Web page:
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Out of Control: The New Biology of Machines, Social Systems, & the Economic World Paperback – April 14, 1995
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...the best of an important new genre. The book offers a pointed reminder that self organization...is the essence of innovation, progress, and life itself. These are eternal ideas -- and ideas whose time has come. -- Forbes ASAP
- Publisher : Basic Books; Reprint edition (April 14, 1995)
- Language : English
- Paperback : 528 pages
- ISBN-10 : 0201483408
- ISBN-13 : 978-0201483406
- Item Weight : 1.41 pounds
- Dimensions : 9 x 6 x 1.6 inches
- Best Sellers Rank: #192,787 in Books (See Top 100 in Books)
- Customer Reviews:
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So, why 10 months? Kevin Kelly is very wordy. Yes, Kelly provides fascinating insights and revelations about machine biology, "hive mind" theory, co-evolution, the evolution of computers, and the future of planet Earth. But he does all of this with about 200 pages more than are actually necessary to make his point. Kelly is a great writer, no doubt, but he tends to wander aimlessly, which makes these difficult topics challenging to understand. A good editor would have helped immensely.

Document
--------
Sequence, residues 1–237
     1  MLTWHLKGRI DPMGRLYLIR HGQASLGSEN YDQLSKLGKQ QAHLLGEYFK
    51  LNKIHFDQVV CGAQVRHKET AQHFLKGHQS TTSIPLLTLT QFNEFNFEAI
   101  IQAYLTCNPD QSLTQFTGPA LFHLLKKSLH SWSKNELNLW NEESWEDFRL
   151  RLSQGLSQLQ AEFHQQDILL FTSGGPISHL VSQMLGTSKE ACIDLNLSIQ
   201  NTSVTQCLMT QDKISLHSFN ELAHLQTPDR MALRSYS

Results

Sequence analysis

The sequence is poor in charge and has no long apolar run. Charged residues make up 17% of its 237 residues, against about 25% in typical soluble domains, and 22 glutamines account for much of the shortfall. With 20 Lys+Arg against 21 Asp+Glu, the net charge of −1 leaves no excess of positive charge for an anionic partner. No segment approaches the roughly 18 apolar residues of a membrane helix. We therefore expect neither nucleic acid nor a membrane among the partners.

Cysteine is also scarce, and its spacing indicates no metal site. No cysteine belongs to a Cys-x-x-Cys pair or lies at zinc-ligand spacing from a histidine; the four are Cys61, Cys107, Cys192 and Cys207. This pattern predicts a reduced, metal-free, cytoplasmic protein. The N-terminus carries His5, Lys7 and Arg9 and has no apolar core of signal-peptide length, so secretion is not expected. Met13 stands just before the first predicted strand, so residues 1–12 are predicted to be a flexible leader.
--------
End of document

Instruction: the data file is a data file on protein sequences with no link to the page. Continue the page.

Out of control also suffers from a lack of cohesion, and would be better served as a collection of separate essays about each topic, rather than a book that strives to espouse one overarching theme. As I was reading, I kept wondering where Kelly was going with all of his ideas, as a lack of drive seemed evident.
Lest you think I have nothing but ill contempt for this book, there is a payoff: Kelly is a brilliant soothsayer, of sorts. This book was written 16 years ago, so hindsight can readily be applied, and Kelly's predictions about where science would be with relation to computers, nanotechnology, pharmaceuticals, this crazy thing called the "Internet" he kept mentioning, have nearly all come to fruition. Does this mean machines and computers develop their own biology, and begin truly thinking for themselves, as Kelly suggests? Time will only tell.
The main premise of the book is the idea of intelligent beings, in this case humans, giving up control of their creations, which are machines, and letting them "adapt on their own, evolve in their own direction, and grow without human oversight."
There are some intriguing ideas such as: No sustaining ecosystem is in equilibrium or completely "in control". Some chaotic or "out of control" events are required for complex systems to function. For example, the earth's atmosphere is made up of 20% oxygen. This oxygen content is just enough to maintain viable ecosystems without burning up the earth from fires.